Site-Specific Installations of Daniel Arsham Transform the High Museum of Art
Fusing audio, architecture, sculpture, installation, and performance, David Arsham’s art will re-imagine the High Museum of Art’s interiors with three interrelated installations. The David Arsham: Hourglass not only marks the extension of artist’s investigation into the interpretation of history through physical artifacts but premiers Arsham’s first works in color which mark the significant break in artist’s practice of using the black and white palette. Thanks to special glasses, David Arsham who is in fact color blind is now able to see a vibrant spectrum of color thus explaining his richer color palette and use of purple and blue throughout the show. Daniel Arsham: Hourglass elaborates on Fictional Archaeology a body of work in which the artist casts everyday objects in precious and semi-precious stones and metals. The artist’s site-specific installations are in fact presented in conjunction with two upcoming collaborations between Arsham and the Atlanta Symphony Orchestra, for Christopher Theofanidis’ commission Creation/Creator and Christoph Willibald Gluck’s opera Orfeo et Euridice.
Daniel Arsham’s Art – Re-Interpretation of History
With his three interrelated installations, Daniel Arsham’s transformation of the space, and of the everyday objects plays with the audience’s senses and the very definition of time and space. Following with his previous project Fictional Archaeology, where the artist cast basketball jerseys in volcanic ash and selenite and cameras in crushed obsidian, shattered glass and rose quartz, Arsham’s installations and transformed objects become a fossil-like index of the present moment while concurrently appearing as future reconstructions of the contemporary world.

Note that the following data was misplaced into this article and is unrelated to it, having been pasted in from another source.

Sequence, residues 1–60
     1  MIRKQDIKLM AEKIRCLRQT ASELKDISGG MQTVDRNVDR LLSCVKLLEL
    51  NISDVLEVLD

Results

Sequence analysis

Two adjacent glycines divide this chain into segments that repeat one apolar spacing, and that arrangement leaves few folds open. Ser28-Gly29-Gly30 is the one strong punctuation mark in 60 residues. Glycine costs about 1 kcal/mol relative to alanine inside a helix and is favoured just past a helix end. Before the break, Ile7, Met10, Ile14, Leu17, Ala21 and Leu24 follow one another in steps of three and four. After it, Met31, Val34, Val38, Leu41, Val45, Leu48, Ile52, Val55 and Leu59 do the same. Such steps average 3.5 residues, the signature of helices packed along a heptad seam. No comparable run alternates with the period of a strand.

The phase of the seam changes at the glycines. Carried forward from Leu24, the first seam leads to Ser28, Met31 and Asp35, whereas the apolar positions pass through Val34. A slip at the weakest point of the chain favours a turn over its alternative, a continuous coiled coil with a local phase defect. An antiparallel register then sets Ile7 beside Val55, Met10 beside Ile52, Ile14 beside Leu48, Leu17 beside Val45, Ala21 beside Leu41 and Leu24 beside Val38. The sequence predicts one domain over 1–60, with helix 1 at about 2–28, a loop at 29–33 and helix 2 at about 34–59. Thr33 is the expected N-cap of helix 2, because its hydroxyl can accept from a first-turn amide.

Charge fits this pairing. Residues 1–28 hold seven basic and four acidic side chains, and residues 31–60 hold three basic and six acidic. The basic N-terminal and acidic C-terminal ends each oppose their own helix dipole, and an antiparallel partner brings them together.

In the words of Jonathan Odden, the High’s curatorial assistant of modern and contemporary art “Arsham’s installations challenge our perception of history as static and monolithic… History is profoundly human, created from the objects and events each of us experiences, and Arsham’s work reminds us of these important connections. We are eager for our audiences to experience these environments and activate the spaces.”
The Three Parts of The David Arsham: Hourglass
In the High’s Anne Cox Chambers Wing lobby, the first installation will feature a series of cast objects in large hourglasses set on stone plinths. Finely crushed crystals will fill each hourglass, obscuring the objects within while the performer will periodically turn the glasses to reveals the objects as the sand drains and a child’s voice projected through the installation describes what is being unearthed. On the second floor, visitors will be transported into a monochromatic blue Zen garden, complete with a Japanese pagoda, tatami mats, petrified trees and ornately raked sand. The garden will also include an element of performance, which further complicates the stability of timelessness in the space while a cavern installation will occupy the gallery adjacent to the gardenscape.
Transformation of the High Museum of Art by Daniel Arsham’s site-specific installations
Daniel Arsham’s installations at The High Museum of Art elaborate on the interpretation of history, physical artifacts while immersing the audience in environments that reflect on the relationship between past and present. Presented in conjunction with the Atlanta Symphony Orchestra’s Arsham collaboration, the Daniel Arsham: Hourglass will be on view March 4th, 2017 through May 21st, 2017.
All images courtesy of High Museum of Art. Featured image: Daniel Arsham (American, born 1980), Amethyst Sports Ball Cavern, 2016, amethyst crystal, quartz, hydrostone. Courtesy of Galerie Perrotin – Photo credit Guillaume Ziccarelli. [Daniel Arsham standing at center.]
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